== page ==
Achieving the holy grail of automated network operations | NTT DATA

Thu, 02 April 2020

Achieving the holy grail of automated network operations

Achieving the holy grail of automated network operationsCommunication Service Providers (CSPs) are increasingly trying to introduce automation into the operation of the network, partly to improve efficiency. However, as the complexity of the network technology continues to increase, the ability of operators to manage their network efficiently will reduce without the use of automation and AI.

Despite the desire to deploy automation and in many cases having invested millions of pounds, attempts at introducing automation have, to date, had only limited success. This has generally been a result of relying too much on individual technology solutions, along with poor or inadequate architecture, design and implementation governance, due to inadequate skills within the CSPs.

In addition, a fundamental lack of understanding about the criticality of data in automated systems and for AI means that insufficient focus and attention is applied to this key domain. This leads to insufficient data being made available to the technologies deployed – and ultimately poor outcomes.

Goals

The goal for all CSPs is to:

  • Drive incremental revenue through the introduction of new innovative services
  • Improve customer experience
  • Increase efficiency in the operation of the network to reduce costs and improve margins

Problems and challenges

There are a number of problems and challenges that are at the heart of the current lack of success in the execution of automation within CSPs:

  • The criticality of identifying the business outcomes to be achieved and the definition of KPIs to measure success of any investment in change is not understood. This results in most attempts at automation failing to actually deliver the potential business value.
  • The importance of delivering holistic solutions that deliver the business value, is often lost in the outsourced (siloed) and technology centric deployment models favoured by most CSPs.
  • A lack of understanding by the existing staff of the criticality for automation and how it should be developed and implemented.
  • Insufficient appreciation of the importance of data as an enabler of automation. Traditional data sets, held in their closed, bespoke and siloed applications, are insufficient in their current form to support automation.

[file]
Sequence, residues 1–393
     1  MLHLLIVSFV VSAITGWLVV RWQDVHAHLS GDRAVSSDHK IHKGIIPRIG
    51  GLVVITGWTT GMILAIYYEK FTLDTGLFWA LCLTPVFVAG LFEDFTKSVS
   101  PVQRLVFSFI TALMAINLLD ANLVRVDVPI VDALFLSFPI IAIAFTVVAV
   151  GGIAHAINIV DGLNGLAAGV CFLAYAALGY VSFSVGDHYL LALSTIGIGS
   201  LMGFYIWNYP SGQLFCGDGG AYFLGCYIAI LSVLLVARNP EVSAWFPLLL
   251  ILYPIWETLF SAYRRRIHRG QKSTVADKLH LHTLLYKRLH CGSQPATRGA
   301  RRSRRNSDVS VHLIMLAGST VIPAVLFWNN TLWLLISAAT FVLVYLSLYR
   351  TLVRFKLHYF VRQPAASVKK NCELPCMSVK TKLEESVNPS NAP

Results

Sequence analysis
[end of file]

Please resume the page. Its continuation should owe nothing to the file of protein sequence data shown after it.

• Linked to the above is the necessity for a set of operational processes that ensure that an appropriate data quality is created and maintained.

Whilst the first two problems can be addressed relatively easily, through the adoption of best practice approaches and processes, the last three challenges are potentially more significant issues. So, we will focus on these.

Addressing the challenges

Understanding the criticality of automation

There is often a degree of healthy scepticism among network operations staff with regards to the true value and ability to deliver automation in network operations. Given that no automated process will succeed without the full support and contribution of the operations staff, it is critical that this issue is overcome – and that staff see automation as an opportunity and not a threat.

We recommend that an active approach is taken to gaining the buy-in from these critical resources, based around how the technology and processes can improve their day to day experience.

The importance of data

These days most people understand the importance of data for reporting and analytics. However, the use of data by automated processes is often less appreciated and the necessity for complete and accurate data not understood. This can only be addressed through education on how automation operates.

An interesting fact is that most of the data exists today (part of the reason the data issue is underappreciated), however, it is usually siloed and not linkable between silos as a result of historic manual processes.

The data required to perform network related automation can essentially be divided into four areas:

  • The criticality of identifying the business outcomes to be achieved and the definition of KPIs to measure success of any investment in change is not understood. This results in most attempts at automation failing to actually deliver the potential business value.
  • The importance of delivering holistic solutions that deliver the business value, is often lost in the outsourced (siloed) and technology centric deployment models favoured by most CSPs.
  • A lack of understanding by the existing staff of the criticality for automation and how it should be developed and implemented.
  • Insufficient appreciation of the importance of data as an enabler of automation. Traditional data sets, held in their closed, bespoke and siloed applications, are insufficient in their current form to support automation.
  • Linked to the above is the necessity for a set of operational processes that ensure that an appropriate data quality is created and maintained.

In order to form the basis of network operations, all the above data must be able to be correlated with each other. This is something that will naturally occur if a holistic approach is taken to the overall data architecture and design.

The need for strong operational processes